canonical(Historically, "according to religious law")
1. A standard way of writing a formula. Two formulas such as 9 + x and x + 9 are said to be equivalent because they mean the same thing, but the second one is in "canonical form" because it is written in the usual way, with the highest power of x first. Usually there are fixed rules you can use to decide whether something is in canonical form. Things in canonical form are easier to compare.
2. The usual or standard state or manner of something. The term acquired this meaning in computer-science culture largely through its prominence in Alonzo Church's work in computation theory and mathematical logic (see Knights of the Lambda-Calculus).Compare vanilla. This word has an interesting history. Non-technical academics do not use the adjective "canonical" in any of the senses defined above with any regularity; they do however use the nouns "canon" and "canonicity" (not "canonicalness"* or "canonicality"*). The "canon" of a given author is the complete body of authentic works by that author (this usage is familiar to Sherlock Holmes fans as well as to literary scholars). "The canon" is the body of works in a given field (e.g. works of literature, or of art, or of music) deemed worthwhile for students to study and for scholars to investigate. The word "canon" derives ultimately from the Greek "kanon" (akin to the English "cane") referring to a reed. Reeds were used for measurement, and in Latin and later Greek the word "canon" meant a rule or a standard. The establishment of a canon of scriptures within Christianity was meant to define a standard or a rule for the religion. The above non-technical academic usages stem from this instance of a defined and accepted body of work. Alongside this usage was the promulgation of "canons" ("rules") for the government of the Catholic Church. The usages relating to religious law derive from this use of the Latin "canon". It may also be related to arabic "qanun" (law). Hackers invest this term with a playfulness that makes an ironic contrast with its historical meaning. A true story: One Bob Sjoberg, new at the MIT AI Lab, expressed some annoyance at the incessant use of jargon. Over his loud objections, GLS and RMS made a point of using as much of it as possible in his presence, and eventually it began to sink in. Finally, in one conversation, he used the word "canonical" in jargon-like fashion without thinking. Steele: "Aha! We've finally got you talking jargon too!" Stallman: "What did he say?" Steele: "Bob just used "canonical" in the canonical way." Of course, canonicality depends on context, but it is implicitly defined as the way *hackers* normally expect things to be. Thus, a hacker may claim with a straight face that "according to religious law" is *not* the canonical meaning of "canonical".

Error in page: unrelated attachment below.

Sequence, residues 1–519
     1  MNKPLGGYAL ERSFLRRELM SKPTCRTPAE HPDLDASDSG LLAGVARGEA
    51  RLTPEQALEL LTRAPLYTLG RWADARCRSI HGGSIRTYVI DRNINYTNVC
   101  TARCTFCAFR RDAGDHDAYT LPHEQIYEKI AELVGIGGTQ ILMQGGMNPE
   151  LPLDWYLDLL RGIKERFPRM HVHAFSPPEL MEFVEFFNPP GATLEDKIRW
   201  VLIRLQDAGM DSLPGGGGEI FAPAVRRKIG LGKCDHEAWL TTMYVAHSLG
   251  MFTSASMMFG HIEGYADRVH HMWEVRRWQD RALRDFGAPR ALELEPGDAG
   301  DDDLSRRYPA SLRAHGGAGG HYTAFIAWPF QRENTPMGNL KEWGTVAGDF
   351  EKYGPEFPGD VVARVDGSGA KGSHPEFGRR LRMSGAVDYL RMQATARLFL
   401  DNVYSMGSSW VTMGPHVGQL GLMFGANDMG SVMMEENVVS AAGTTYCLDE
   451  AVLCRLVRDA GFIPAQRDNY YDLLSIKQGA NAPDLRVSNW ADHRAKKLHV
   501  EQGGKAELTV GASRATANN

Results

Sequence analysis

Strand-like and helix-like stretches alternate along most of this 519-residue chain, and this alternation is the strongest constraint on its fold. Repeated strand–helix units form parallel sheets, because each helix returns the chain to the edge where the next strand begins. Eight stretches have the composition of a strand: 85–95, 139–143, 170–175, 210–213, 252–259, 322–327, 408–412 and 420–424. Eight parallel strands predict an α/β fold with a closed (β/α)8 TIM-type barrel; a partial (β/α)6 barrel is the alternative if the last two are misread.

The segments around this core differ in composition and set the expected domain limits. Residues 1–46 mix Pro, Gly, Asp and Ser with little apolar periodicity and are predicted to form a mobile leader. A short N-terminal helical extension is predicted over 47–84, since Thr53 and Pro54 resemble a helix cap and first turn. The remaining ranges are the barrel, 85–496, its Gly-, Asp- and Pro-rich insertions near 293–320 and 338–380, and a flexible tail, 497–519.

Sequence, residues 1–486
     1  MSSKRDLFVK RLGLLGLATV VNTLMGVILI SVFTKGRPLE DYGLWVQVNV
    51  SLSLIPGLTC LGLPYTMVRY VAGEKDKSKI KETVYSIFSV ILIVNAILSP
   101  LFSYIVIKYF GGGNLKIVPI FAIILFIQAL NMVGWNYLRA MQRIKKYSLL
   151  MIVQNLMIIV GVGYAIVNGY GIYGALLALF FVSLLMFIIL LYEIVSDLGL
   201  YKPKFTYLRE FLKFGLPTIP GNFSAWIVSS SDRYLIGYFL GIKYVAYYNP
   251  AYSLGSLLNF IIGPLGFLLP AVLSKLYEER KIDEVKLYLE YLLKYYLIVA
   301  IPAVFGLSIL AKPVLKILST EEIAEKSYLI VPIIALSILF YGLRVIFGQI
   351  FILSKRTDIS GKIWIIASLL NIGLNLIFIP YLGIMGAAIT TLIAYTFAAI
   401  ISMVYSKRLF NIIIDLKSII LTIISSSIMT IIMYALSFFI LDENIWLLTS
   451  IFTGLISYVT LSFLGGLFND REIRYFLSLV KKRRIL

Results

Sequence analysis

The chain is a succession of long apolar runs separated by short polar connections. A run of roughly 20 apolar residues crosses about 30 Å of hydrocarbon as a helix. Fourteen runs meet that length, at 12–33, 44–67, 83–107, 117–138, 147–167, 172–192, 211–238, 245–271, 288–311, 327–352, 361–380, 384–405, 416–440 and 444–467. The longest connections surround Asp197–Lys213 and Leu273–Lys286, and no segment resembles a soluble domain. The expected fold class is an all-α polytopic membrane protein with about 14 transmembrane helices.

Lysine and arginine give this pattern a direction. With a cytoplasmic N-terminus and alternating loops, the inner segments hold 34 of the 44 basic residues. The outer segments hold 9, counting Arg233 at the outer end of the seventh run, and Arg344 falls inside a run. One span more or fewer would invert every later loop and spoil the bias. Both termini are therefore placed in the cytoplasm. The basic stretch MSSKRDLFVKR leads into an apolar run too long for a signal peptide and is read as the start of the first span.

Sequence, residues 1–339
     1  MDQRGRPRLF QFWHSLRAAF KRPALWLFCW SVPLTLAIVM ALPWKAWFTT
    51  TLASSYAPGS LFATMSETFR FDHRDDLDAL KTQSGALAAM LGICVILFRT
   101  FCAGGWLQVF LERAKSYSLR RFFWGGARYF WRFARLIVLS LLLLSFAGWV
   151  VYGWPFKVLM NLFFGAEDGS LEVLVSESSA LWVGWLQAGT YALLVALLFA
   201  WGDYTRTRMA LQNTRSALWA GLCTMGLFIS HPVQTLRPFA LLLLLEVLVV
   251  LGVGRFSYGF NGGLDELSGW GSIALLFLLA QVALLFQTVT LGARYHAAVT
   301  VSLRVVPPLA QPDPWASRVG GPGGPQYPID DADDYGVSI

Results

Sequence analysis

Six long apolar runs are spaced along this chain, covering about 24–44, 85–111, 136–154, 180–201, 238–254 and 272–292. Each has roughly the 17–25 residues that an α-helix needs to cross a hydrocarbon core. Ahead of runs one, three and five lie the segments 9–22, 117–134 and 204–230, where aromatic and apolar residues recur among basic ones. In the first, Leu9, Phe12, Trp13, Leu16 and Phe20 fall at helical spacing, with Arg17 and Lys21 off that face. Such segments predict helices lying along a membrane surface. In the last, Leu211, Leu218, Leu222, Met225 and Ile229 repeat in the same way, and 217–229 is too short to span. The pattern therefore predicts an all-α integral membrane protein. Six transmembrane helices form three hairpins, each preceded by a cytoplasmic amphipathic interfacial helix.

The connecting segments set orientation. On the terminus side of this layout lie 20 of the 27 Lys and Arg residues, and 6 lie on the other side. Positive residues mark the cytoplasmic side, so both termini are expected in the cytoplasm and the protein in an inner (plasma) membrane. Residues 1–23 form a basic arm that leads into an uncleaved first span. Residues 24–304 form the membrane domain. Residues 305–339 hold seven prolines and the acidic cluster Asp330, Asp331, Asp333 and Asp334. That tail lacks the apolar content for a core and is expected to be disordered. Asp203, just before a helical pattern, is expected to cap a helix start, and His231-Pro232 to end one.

Last updated: 2002-02-06
Canonical Encoding RulesBER gives choices as to how data values may be encoded, CER and DER select just one encoding from those allowed by the basic encoding rules, eliminating all of the options. They are useful when the encodings must be preserved, e.g. in security exchanges. CER and DER differ in the set of restrictions that they place on the encoder. The basic difference between CER and DER is that DER uses definitive length form and CER uses indefinite length form. Documents: ITU-T X.690, ISO 8825-1. See also PER.
Last updated: 1998-05-19
canonical name(CNAME) A host's official name as opposed to an alias. The official name is the first hostname listed for its Internet address in the hostname database, /etc/hosts or the Network Information Service (NIS) map hosts.byaddr ("hosts" for short). A host with multiple network interfaces may have more than one Internet address, each with its own canonical name (and zero or more aliases). You can find a host's canonical name using nslookup if you say
set querytype=CNAMEand then type a hostname.
Last updated: 1994-11-29
The extent to which something is canonical.
Last updated: 1995-03-03